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How IS built its terror machinery in Europe

The neighborhood in Paris that was home to Reda Hame, a French citizen who, according to interrogation records, was trained by the Islamic State Group to strike in Europe.   | Photo Credit: PIERRE TERDJMAN

The day he left Syria with instructions to carry out a terrorist attack in France, Reda Hame (29), a computer technician from Paris, had been a member of the Islamic State for just over a week.

His French passport and his background in IT made him an ideal recruit for a rapidly expanding group within IS that was dedicated to terrorising Europe. Over just a few days, he was rushed to a park, shown how to fire an assault rifle, handed a grenade and told to hurl it at a human silhouette. His accelerated course included how to use an encryption program called TrueCrypt, the first step in a process intended to mask communications with his IS handler back in Syria.

The handler, code-named Dad, drove Hame to the Turkish border and sent him off with advice to pick an easy target, shoot as many civilians as possible and hold hostages until the security forces made a martyr of him.

“Be brave,” Dad said, embracing him.

Hame was sent out by a body inside the IS that was obsessed with striking Europe for at least two years before the deadly assaults in Paris last November and in Brussels this month.

Officials now say the signs of this focused terrorist machine were readable in Europe as far back as early 2014. Yet, local authorities repeatedly discounted each successive plot, describing them as isolated or random acts.

Hame was arrested in Paris last August, before he could strike, one of at least 21 trained operatives who succeeded in slipping back into Europe. Their interrogation records offer a window into the origins and evolution of an IS branch responsible for killing hundreds of people in Paris, Brussels and beyond.

European officials now know that Dad, Hame’s handler, was none other than Abdelhamid Abaaoud, the Belgian operative who selected and trained fighters for plots in Europe and who returned himself to oversee the Paris attack last year.

For much of 2012 and 2013, the jihadist group that eventually became the IS was putting down roots in Syria.

One of the first clues that the IS was getting into the business of international terrorism came at 12:10 p.m. on Jan. 3, 2014, when the Greek police pulled over a taxi in the town of Orestiada, less than four miles from the Turkish border. Inside was a 23-year-old French citizen named Ibrahim Boudina, who was returning from Syria. In his luggage, the officers found €1,500, and a French document titled “How to Make Artisanal Bombs in the Name of Allah.”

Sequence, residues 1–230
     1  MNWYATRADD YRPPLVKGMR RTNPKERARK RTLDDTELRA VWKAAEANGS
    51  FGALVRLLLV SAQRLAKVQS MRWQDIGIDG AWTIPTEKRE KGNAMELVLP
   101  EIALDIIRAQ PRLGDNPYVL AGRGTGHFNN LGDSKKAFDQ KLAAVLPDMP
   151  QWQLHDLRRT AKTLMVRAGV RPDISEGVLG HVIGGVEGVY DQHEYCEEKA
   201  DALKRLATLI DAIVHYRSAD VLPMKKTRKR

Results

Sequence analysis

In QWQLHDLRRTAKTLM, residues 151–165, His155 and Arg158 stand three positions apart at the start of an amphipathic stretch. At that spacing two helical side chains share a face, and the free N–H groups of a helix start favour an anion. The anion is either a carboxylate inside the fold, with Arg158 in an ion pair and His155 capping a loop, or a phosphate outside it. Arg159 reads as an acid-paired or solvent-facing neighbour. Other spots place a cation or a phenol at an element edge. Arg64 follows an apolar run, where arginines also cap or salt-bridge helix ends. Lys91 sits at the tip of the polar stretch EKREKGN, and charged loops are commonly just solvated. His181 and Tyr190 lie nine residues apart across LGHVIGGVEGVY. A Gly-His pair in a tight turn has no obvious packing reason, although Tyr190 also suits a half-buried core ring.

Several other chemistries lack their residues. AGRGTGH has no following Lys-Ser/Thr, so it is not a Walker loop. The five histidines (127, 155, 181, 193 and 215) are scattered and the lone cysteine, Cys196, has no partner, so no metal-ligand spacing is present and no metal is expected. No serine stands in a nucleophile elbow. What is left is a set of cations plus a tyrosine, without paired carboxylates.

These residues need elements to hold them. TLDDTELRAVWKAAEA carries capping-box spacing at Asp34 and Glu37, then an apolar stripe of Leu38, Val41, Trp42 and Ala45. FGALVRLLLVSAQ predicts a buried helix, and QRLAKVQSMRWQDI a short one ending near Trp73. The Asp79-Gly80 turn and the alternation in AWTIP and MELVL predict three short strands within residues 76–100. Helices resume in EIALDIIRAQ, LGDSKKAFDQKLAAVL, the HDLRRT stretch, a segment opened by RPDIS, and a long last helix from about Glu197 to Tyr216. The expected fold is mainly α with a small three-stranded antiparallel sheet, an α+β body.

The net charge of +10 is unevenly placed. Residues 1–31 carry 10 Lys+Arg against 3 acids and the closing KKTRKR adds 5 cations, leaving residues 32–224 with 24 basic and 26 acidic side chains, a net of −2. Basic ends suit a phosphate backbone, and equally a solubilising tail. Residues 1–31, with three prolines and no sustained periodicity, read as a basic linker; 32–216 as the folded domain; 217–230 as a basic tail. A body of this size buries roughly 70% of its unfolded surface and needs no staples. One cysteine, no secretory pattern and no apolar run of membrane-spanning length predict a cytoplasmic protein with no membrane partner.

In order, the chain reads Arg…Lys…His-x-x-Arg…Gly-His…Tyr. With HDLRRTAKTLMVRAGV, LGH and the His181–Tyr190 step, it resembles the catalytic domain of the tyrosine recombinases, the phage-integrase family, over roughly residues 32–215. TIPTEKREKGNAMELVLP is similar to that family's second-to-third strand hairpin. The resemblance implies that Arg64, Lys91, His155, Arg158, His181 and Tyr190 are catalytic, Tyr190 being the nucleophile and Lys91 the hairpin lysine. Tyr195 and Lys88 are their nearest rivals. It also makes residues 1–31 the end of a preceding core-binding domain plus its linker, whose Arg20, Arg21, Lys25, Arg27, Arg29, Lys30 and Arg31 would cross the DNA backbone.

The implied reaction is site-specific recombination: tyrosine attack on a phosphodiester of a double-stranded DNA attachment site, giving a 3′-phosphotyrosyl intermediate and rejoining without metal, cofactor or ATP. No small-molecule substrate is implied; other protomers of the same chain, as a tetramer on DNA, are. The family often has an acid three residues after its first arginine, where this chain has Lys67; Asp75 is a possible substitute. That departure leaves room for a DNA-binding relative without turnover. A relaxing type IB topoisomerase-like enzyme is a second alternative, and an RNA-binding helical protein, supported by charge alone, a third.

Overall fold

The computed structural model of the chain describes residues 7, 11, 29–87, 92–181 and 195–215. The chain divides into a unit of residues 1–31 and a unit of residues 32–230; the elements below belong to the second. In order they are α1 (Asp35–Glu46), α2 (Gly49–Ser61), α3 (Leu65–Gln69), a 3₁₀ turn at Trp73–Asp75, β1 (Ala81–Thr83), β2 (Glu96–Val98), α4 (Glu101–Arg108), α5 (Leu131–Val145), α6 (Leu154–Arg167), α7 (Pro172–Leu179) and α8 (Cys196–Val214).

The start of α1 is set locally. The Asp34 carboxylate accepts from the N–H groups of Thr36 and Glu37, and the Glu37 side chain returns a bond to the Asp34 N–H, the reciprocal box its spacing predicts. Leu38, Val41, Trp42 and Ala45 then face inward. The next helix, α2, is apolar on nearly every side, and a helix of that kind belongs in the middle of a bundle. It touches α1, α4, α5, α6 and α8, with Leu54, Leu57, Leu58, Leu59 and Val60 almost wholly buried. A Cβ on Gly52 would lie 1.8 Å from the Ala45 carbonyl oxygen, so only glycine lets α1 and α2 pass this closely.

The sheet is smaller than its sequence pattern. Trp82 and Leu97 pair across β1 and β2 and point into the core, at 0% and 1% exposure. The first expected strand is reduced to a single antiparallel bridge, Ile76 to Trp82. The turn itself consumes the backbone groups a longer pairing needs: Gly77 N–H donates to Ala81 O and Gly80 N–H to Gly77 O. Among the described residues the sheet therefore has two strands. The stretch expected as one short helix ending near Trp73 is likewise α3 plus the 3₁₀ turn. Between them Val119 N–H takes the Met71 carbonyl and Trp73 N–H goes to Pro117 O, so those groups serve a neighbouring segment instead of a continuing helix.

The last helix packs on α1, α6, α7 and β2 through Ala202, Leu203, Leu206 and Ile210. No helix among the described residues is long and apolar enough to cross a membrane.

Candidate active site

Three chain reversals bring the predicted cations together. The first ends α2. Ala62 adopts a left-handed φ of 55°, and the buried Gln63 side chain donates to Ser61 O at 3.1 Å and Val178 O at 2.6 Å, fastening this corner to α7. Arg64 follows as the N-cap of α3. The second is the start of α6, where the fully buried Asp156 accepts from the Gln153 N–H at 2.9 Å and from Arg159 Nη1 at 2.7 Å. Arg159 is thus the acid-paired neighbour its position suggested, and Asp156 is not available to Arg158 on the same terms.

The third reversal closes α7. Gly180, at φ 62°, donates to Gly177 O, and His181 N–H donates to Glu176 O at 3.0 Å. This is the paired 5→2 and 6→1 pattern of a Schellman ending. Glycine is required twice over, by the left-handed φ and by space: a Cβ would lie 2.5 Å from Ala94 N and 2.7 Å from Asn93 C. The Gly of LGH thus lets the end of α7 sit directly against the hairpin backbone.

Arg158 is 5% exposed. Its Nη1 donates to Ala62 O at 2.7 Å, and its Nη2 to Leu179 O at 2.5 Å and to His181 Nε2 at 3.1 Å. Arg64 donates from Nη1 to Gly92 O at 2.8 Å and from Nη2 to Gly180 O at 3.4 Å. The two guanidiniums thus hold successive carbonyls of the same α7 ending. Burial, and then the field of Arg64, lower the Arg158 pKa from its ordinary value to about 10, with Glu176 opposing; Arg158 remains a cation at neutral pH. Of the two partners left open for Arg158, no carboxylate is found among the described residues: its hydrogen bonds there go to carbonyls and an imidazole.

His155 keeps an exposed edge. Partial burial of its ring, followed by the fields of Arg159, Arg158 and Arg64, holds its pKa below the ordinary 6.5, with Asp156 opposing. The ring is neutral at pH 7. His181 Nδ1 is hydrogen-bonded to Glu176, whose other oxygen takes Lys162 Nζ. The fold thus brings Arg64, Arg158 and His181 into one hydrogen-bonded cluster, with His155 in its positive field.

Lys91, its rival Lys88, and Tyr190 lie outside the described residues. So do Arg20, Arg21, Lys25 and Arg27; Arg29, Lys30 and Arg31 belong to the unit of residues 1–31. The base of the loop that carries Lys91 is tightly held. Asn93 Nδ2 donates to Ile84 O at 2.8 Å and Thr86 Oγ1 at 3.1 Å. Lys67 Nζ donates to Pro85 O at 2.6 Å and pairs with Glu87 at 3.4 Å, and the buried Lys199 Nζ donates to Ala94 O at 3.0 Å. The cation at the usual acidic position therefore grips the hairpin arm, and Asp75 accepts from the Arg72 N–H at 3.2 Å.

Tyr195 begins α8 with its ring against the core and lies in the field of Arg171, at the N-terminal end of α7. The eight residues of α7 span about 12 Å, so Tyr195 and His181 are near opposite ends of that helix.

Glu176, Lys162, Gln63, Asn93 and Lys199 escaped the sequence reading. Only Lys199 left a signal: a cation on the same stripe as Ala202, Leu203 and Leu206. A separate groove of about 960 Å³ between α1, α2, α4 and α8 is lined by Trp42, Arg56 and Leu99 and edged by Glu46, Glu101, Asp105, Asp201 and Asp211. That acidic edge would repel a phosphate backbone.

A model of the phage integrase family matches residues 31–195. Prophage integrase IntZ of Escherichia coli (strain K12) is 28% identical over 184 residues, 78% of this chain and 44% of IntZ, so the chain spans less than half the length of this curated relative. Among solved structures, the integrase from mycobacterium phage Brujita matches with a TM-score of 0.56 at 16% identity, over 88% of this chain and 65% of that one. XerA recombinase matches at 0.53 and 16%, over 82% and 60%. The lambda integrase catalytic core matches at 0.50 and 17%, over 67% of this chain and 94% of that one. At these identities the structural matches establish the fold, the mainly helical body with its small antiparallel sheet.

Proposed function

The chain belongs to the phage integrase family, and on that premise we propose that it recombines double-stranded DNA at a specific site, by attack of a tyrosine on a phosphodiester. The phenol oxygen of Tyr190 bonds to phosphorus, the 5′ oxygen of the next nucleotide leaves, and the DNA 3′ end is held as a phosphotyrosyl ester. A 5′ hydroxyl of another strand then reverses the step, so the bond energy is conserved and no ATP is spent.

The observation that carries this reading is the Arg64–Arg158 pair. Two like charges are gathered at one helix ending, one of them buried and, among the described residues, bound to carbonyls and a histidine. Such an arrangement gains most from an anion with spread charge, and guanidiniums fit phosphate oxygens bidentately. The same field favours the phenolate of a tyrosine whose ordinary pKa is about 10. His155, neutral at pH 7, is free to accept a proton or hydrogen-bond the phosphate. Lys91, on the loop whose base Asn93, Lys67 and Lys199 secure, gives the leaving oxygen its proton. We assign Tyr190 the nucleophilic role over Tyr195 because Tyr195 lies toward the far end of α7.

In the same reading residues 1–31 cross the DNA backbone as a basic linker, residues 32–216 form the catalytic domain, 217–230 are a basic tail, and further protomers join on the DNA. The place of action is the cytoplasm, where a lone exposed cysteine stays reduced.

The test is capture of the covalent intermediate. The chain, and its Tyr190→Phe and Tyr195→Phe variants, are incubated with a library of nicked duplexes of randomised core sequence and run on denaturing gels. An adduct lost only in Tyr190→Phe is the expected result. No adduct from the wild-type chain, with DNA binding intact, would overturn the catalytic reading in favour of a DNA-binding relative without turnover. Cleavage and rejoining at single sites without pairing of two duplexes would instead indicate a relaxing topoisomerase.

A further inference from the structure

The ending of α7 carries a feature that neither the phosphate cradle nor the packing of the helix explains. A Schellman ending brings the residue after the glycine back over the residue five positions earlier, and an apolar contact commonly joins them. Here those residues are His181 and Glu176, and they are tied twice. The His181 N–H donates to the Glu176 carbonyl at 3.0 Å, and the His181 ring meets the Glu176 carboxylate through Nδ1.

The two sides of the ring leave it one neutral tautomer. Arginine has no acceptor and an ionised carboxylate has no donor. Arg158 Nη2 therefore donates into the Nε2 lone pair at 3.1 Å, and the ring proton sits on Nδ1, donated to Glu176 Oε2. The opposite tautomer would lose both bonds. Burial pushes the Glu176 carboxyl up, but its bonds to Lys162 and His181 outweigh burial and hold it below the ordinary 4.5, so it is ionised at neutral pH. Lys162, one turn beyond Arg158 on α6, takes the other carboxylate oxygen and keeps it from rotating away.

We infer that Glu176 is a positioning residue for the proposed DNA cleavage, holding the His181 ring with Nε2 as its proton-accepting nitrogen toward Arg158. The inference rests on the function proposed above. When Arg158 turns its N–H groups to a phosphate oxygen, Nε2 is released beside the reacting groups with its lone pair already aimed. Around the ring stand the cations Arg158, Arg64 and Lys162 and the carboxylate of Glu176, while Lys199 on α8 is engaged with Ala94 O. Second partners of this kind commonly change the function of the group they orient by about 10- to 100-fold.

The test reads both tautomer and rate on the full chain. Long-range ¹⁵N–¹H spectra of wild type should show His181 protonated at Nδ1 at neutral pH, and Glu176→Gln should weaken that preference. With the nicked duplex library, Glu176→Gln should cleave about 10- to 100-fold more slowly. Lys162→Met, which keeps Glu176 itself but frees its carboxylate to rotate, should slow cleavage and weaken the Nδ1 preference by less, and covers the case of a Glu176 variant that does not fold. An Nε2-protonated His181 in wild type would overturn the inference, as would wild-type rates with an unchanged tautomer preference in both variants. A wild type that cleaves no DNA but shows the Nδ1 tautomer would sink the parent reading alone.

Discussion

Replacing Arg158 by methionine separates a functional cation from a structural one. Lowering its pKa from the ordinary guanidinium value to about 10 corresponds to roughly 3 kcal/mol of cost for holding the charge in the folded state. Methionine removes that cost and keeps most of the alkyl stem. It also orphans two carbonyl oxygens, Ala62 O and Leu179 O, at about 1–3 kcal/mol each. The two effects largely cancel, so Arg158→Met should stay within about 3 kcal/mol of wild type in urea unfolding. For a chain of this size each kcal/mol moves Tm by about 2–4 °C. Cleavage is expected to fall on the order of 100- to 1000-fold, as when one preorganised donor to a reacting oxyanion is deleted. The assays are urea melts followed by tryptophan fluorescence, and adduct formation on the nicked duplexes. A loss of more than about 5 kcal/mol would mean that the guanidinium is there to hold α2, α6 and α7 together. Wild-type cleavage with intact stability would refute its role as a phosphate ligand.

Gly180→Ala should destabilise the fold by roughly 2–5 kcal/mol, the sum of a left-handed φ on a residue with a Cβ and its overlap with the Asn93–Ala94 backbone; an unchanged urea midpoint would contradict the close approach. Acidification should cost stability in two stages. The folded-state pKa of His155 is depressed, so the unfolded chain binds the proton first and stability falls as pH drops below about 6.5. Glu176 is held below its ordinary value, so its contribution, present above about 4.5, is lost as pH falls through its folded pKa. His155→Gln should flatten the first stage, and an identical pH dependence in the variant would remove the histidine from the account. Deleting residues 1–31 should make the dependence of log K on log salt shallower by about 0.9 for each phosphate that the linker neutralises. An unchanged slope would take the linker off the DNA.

But there was no warrant for his arrest in Europe, so the Greeks let him go, according to court records detailing the French investigation.

Boudina was already on France’s watch list, part of a cell of 22 men radicalised at a mosque in the resort city of Cannes. When French officials were notified about the Greek traffic stop, they were already wire-tapping his friends and relatives. Several weeks later, Boudina’s mother received a call from a number in Syria. Before hanging up, the unknown caller informed her that her son had been “sent on a mission”, according to a partial transcript of the call.

The police set up a perimeter around the family’s apartment near Cannes, arresting Boudina on Feb. 11, 2014.

It was not until nearly two years later that investigators revealed an important detail: Boudina’s Facebook chats placed him in Syria in late 2013, at the scene of a major battle fought by a group calling itself the “Islamic State in Iraq and Syria.”

According to a brief by France’s domestic intelligence agency, he was the first European citizen known to have travelled to Syria, joined the IS and returned with the aim of committing terrorism. Yet his ties to the group were buried in French paperwork and went unconnected to later cases.

Including Boudina, at least 21 fighters trained by the IS in Syria have been dispatched back to Europe with the intention of causing mass murder, according to a Times count based on records from France’s domestic intelligence agency.

Like the killers in Paris and Brussels, all of these earlier operatives were French speakers — mostly French and Belgian citizens, alongside a handful of immigrants from former French colonies, including Morocco. The New York Times News Service

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Printable version | Oct 31, 2020 12:24:29 PM | https://www.thehindu.com/news-service/How-IS-built-its-terror-machinery-in-Europe/article15466566.ece

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